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It was an honor to meet Secretary of Labor Tom Perez a few months ago to discuss how Silicon Valley corporations can generate more tech jobs for the next decade. Here are three staggering facts about our country’s economy and President Obama’s TechHire Challenge.

1. By 2020, there will be 1 million more IT jobs than computer science students in the United States 

Employers are struggling to find local talent to meet their STEM job openings. One of the results is offshoring. This damages our economy as more and more corporations are creating jobs elsewhere but the United States. In less than five years there will be nearly 1.5 million computing jobs but only 400K computer science students.  By computing jobs the US Bureau Labor of Statistics refers to jobs in the disciplines of computer science, computer engineering, information systems, information technology, software engineering, and related fields. A week ago, I met Richard Holden — regional commissioner of the Bureau Labor of Statistics in San Francisco–  to brainstorm how SmileyGo can use public data to empower corporations to give smarter. Perhaps one of the solutions for our IT talent scarcity can be for corporations to sponsor STEM programs in underserved communities. One would be killing two birds with one stone: 1. Lack of diversity in the tech industry. 2. Lack of local tech talent.

Evidently, this unfavorable shortage means our government should consider an education and immigration reform in order to create more local STEM talent.

2. Fortune 500 Companies that hired from nontraditional talent pools saw 45% reduction in defect rates compared to traditional hiring models 

There are several benefits for attracting talent from nontraditional talent pools. Statistics show that it improves retention. Decreasing retention rates are one of the largest expenses for Fortune 500 companies. Moving on, hiring candidates from unique talent pools reduces difficulty in filling roles. Most importantly, attracting talent from unorthodox talent pools helps improve workforce diversity. Diversity is necessary for your business. It not only generates positive PR but also fosters more creativity, innovation, and profitability for your business. Does your HR team need help recruiting diverse candidates? A friend of mine, Laura Gomez is presiding Atipica: a data science startup that creates atypical products that enable understanding between companies, hiring managers, recruiters and applicants. Words are not enough to describe my joy for my fellow Latinas and Latinos who are leading startups in Silicon Valley.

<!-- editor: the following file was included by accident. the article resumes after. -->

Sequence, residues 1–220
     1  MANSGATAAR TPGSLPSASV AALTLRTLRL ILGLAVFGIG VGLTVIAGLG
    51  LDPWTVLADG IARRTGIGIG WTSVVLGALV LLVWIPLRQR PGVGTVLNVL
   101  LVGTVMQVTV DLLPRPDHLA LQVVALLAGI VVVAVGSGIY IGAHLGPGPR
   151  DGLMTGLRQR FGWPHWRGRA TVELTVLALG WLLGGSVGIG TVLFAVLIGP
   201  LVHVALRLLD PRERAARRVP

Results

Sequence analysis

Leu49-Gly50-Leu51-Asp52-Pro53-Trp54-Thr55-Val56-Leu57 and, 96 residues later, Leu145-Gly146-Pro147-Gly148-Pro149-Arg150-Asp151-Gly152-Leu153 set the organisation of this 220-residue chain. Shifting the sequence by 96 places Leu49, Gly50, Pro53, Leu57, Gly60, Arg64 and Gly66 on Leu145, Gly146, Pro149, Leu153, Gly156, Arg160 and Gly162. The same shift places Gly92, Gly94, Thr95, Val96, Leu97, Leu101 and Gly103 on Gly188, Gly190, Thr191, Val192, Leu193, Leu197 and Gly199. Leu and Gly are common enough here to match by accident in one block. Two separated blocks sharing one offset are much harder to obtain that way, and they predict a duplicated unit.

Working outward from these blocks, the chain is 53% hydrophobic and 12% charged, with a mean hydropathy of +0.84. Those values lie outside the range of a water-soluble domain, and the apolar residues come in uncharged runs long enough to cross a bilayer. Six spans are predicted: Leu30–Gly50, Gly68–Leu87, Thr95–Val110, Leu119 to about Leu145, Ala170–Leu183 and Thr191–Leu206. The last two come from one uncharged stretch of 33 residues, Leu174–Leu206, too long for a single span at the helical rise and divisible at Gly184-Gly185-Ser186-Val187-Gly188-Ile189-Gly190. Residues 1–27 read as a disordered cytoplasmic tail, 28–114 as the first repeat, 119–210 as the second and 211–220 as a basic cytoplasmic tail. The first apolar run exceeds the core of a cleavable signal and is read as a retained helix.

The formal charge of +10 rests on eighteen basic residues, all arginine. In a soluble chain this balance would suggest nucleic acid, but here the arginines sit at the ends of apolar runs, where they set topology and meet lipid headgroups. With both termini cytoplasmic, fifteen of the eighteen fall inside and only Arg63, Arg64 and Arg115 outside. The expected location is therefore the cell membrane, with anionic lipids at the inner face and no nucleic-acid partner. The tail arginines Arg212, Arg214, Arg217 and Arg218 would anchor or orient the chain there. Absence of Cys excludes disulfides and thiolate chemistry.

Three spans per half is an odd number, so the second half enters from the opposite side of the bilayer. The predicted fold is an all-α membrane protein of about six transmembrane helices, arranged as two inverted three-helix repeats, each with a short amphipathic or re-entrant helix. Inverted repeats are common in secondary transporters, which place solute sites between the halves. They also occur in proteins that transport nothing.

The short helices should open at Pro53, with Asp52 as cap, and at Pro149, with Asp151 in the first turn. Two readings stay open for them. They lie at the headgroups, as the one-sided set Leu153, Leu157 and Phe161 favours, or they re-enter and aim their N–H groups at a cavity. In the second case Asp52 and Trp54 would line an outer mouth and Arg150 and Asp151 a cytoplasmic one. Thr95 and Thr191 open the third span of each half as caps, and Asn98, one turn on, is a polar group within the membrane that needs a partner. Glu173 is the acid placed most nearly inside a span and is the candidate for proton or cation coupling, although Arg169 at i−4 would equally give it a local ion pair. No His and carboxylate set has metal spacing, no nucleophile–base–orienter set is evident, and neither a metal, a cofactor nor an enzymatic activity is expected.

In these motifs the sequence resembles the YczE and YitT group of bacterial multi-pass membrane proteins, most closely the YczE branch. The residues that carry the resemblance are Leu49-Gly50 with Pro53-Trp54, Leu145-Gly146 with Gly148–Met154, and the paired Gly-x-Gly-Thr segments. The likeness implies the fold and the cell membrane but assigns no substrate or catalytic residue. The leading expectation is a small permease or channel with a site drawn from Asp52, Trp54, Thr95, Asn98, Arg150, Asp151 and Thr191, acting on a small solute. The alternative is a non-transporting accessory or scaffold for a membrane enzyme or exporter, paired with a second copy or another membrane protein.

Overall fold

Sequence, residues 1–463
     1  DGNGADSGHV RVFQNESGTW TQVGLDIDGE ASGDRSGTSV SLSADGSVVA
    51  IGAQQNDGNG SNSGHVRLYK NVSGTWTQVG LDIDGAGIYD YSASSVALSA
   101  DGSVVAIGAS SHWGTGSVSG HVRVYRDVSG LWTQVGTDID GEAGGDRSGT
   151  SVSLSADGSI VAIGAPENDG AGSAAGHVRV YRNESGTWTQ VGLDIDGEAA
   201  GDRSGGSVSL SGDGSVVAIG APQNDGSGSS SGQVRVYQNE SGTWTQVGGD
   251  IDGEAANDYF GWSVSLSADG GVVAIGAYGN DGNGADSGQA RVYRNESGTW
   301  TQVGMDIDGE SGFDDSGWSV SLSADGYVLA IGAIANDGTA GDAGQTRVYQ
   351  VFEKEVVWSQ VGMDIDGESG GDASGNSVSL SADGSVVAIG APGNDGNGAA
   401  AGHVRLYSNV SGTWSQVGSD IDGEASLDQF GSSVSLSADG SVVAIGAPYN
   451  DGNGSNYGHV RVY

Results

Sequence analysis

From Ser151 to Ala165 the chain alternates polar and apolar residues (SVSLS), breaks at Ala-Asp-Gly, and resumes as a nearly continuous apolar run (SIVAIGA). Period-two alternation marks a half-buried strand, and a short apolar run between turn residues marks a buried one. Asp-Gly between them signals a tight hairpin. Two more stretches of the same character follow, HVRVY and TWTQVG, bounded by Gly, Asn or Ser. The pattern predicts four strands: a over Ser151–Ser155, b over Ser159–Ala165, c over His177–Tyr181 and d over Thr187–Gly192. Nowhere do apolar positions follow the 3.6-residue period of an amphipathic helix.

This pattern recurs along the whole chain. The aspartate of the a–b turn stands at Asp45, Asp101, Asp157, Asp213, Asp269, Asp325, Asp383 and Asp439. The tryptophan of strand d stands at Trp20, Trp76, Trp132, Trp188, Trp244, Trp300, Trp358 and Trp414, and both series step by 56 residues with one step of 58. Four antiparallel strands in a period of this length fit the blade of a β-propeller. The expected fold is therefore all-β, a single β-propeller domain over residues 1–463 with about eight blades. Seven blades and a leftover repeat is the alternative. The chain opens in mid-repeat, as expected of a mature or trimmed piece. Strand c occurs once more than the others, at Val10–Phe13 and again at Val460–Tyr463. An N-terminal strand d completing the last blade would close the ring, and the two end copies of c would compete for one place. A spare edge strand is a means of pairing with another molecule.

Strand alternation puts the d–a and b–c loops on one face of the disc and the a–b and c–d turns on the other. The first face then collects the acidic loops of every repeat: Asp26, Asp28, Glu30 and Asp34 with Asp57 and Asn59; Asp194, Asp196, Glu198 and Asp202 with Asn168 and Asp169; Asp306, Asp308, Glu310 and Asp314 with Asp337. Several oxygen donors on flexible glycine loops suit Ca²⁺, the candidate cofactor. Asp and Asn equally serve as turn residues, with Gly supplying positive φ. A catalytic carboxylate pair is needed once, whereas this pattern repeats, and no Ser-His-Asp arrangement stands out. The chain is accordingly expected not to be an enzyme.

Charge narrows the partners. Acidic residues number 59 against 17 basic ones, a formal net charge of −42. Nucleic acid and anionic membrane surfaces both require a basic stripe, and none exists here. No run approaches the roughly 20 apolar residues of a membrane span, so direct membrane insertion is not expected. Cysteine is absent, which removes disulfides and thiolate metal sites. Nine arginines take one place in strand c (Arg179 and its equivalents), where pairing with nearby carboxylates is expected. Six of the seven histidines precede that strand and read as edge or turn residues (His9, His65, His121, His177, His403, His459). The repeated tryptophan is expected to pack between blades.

3. STEM Roles Take Longer to Fill Today 

Back in 2010, the median time to fill for STEM roles was 43 business days. In 2015, the median time increased to 63 business days. In a span of five years, the average time has increased by over 46%. By “time to fill” the CEB Analysis refers to the beginning of STEM recruitment to the start date of the employee. This slowdown increases the risk of losing talent to competitors and costs a median of $8.55 million per 1,000 vacancies via lost productivity and additional hiring work. In addition, this harms the productivity of employees who depend on the vacant role. Compared to 2010, it now takes five extra weeks to fill the average vacancy. Pursuing this further, for each additional day that a single vacancy is open, the average corporation loses approximately $407 per vacancy.

Without a doubt, the government and private sector should begin to solve this rising problem. Kudos to Mayor Sam Liccardo who’s leading the San Jose TechHire initiative in order to train and provide on-the-job training and employment to 1,000 participants. The most important asset of an organization is its people.